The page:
NEW YORK (JTA) — With Israel in desperate need of aid to fight the fire ravaging its north last week, countries from four continents sent help, including those with whom Israel has been at odds lately, such as Turkey.
Now that the fire is out, the question is what will Israel’s close friends, the American Jewish community, do to aid in the recovery process?
Damage estimates are ranging as high as $75 million, and the American Jewish community has opened fundraising mailboxes, started as emergency campaigns while the blaze was still burning.
The national branches of the three largest U.S. Jewish religious denominations launched fire assistance funds and asked their rabbis to address the topic in their sermons last Shabbat. Dozens of the country’s largest organizations, including the Jewish federation system, the American Jewish Committee and B’nai B’rith International, also started funds.
The heaviest lifting in the nonprofit world likely will be done by the Jewish National Fund, which since Israel’s founding has been responsible for the forestation of the country.
With some 12,000 acres scorched and an estimated 5 million trees burned, the JNF has launched a $10 million campaign to be split between reforestation and other causes, such as rebuilding tourism in the area. In less than a week, JNF had raised nearly $2 million in cash and pledges. A number of organizations, such as Hadassah, have pledged to help JNF pay for more trees.
Reforesting the area will be a slow process, according to the JNF’s director of forestry for the northern region, Omri Bonneh. For the first year, JNF says it won’t plant any trees, allowing the land to replenish itself.
It’s not clear how much the American Jewish organizations’ total campaign will be; in some cases it’s not yet clear where the money will go.
The American Jewish Committee pledged $100,000 for reforestation, saying it will plant 10,000 trees to commemorate the 42 people — mostly police cadets from the Israeli Prisons Service — killed in the wildfire.
B’nai B’rith International, which by Tuesday had collected $12,000, will use the money to address unmet needs, according to its vice president of programming, Rhonda Love.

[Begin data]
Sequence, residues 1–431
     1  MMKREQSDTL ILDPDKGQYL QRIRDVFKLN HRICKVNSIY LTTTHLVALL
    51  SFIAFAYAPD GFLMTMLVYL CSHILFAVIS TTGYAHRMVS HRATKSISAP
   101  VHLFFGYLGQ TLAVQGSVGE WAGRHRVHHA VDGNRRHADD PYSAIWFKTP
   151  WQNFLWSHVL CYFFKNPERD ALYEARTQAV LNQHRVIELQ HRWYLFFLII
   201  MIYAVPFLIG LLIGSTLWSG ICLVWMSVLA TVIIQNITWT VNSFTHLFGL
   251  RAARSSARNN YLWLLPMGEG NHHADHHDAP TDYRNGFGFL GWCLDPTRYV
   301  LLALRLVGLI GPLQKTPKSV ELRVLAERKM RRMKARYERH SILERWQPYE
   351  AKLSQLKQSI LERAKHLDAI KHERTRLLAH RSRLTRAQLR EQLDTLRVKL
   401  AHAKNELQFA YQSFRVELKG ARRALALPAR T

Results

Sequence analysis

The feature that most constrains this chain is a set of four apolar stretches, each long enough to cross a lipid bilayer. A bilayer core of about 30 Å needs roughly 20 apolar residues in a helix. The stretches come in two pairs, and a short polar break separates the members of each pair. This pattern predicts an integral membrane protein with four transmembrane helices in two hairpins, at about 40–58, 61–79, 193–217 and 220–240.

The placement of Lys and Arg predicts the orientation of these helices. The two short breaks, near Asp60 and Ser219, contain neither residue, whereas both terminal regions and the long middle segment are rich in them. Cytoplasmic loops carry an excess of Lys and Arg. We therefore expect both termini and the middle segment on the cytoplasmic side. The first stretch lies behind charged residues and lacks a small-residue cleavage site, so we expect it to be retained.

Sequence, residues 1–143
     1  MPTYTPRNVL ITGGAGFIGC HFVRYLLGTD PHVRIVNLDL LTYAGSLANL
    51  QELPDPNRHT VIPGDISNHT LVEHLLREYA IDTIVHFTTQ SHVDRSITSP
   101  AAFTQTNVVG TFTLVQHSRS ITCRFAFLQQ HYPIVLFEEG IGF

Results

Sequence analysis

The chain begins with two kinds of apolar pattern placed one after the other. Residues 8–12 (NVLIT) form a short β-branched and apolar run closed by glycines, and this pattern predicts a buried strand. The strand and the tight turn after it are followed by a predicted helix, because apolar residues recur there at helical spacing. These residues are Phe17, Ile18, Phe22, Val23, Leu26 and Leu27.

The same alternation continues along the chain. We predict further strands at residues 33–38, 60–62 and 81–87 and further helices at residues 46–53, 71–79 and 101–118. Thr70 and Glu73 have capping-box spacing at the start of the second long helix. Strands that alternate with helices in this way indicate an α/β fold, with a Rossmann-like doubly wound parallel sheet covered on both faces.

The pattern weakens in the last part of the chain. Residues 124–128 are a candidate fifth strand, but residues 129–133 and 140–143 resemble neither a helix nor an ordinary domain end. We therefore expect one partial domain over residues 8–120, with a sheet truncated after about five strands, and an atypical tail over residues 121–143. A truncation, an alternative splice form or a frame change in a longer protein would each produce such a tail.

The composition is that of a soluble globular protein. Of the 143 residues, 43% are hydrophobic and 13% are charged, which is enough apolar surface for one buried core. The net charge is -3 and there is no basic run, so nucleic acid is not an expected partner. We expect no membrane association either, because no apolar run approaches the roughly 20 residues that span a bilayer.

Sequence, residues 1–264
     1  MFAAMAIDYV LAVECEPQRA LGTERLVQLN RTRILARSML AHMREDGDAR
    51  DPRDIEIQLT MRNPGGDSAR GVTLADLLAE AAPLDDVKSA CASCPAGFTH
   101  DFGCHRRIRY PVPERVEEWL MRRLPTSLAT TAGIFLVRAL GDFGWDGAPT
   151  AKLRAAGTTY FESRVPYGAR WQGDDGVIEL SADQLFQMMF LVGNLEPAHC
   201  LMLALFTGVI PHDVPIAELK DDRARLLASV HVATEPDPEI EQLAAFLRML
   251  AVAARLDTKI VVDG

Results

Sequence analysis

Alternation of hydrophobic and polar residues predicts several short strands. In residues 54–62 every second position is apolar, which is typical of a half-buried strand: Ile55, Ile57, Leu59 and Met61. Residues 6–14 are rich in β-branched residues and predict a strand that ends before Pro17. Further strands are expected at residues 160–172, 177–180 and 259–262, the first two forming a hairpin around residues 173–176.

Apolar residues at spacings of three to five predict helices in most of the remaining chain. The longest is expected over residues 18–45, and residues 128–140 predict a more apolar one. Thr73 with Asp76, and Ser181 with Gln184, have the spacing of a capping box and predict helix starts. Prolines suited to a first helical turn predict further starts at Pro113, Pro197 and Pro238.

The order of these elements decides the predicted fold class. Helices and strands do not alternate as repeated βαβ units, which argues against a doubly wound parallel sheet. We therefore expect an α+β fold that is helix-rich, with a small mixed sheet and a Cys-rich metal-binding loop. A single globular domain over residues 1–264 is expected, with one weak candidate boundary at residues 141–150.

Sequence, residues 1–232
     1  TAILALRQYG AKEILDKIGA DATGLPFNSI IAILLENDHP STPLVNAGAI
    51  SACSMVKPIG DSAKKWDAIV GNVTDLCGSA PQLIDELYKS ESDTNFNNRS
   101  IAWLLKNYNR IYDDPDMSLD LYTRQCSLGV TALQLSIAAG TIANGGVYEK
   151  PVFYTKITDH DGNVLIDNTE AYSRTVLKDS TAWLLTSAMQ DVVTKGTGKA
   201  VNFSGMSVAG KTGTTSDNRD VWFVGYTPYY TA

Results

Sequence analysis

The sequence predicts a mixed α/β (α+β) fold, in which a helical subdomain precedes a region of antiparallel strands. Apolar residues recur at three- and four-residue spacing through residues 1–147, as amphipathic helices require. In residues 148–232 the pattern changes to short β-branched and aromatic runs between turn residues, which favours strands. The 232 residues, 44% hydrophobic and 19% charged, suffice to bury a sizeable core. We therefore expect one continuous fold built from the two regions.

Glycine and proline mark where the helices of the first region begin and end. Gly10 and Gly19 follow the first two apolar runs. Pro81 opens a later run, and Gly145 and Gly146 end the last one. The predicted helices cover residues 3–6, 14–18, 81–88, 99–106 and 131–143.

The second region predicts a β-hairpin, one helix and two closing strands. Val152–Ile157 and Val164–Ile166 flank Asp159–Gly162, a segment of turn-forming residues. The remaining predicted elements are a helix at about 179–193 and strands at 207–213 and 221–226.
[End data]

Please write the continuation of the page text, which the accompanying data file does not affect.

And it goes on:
Last week, Magen David Adom, Israel’s version of the Red Cross, deployed hundreds of medics, paramedics, emergency vehicles and volunteers to the scene of the fire. It’s American fundraising arm, the American Friends of the Magen David Adom, had raised about $150,000 online since the fire broke out, according to its director of marketing, Robert Kern.
A number of organizations are focusing on helping Yemin Orde, a youth village for immigrants to Israel that was 40 percent destroyed in the fire.
Hadassah is providing space for 500 families dislocated by the fire by opening several youth villages with which it is associated. The Jewish Agency for Israel has made space in its facilities for Yemin Orde to continue operating.
The two overseas arms of the North American federation system have been on the ground since the fire began. The American Jewish Joint Distribution Committee helped out in the evacuation of residents and supplied emergency needs such as food and blankets. Now the JDC is planning to provide programs for the disabled, psycho-social support and emergency preparedness, according to spokesman Michael Geller.
The Jewish Agency brought hundreds of children from the stricken area to Tel Aviv for respite, and planned to bring 4,000 by the end of Chanukah.
JDC and the Jewish Agency also are working on coordinating youth volunteers. In the long term, the fire could provide the Jewish Agency with an opportunity to test the value of a new strategic plan that places more emphasis on creating volunteer opportunities in Israel.
The agency has proposed a plan to focus volunteer mentors on the Druze town of Tirat HaCarmel, a development town near Haifa that was evacuated during the fire. Agency officials also have talked to the Jewish Federations of North America about creating through the agency’s MASA program a project to bring Diaspora Jews to help in rehabilitating the animal wildlife in Israel’s north, according to Jewish Agency director general Alan Hoffmann.
Agency officials also said they would like to set up a fund for grants to victims of the fire, much like the fund it has for victims of terror that gives out up to $35,000 to individuals and families affected by terrorism.
How much exactly the JDC and Jewish Agency will be able to do in the long run will be determined largely by how much the federations are able to raise for them. That’s not yet clear, though insiders said the federations would probably allocate approximately $2 million.
Their campaign received an early boost when the JUF-Jewish Federation of Greater Chicago immediately pledged $500,000 of its own money for the JDC and Jewish Agency’s fire relief efforts.
The question now is whether money will continue to come in now that the fire has been extinguished.
“It is clear that when the fires stop burning, also the flames of philanthropy tend to die down,” Hoffman said. “But there are clear needs that have been created here. The question is how can world Jewry play a part in restoring this place to where it was before, and that will require resources.”
Use any of the links below to donate to a variety of emergency campaigns established in the wake of Israel’s devastating forest fire.
American Friends of the Magen David Adom, Israeli Red Cross
America Jewish Joint Distribution Committee
American Friends of Yemin Orde
B’nai B’rith Israel Emergency Fund
International Fellowship of Christians and Jews
Jewish Agency for Israel
Jewish Federations of North America
Jewish National Fund, Forest Fire Emergency Fund
JStreet and the New Israel Fund
Organizations of the Conservative/Masorti movement in North America
Orthodox Union emergency fund
Union for Reform Judaism and ARZA
Young Israel charity fund
ZAKA, a recovery and identification organization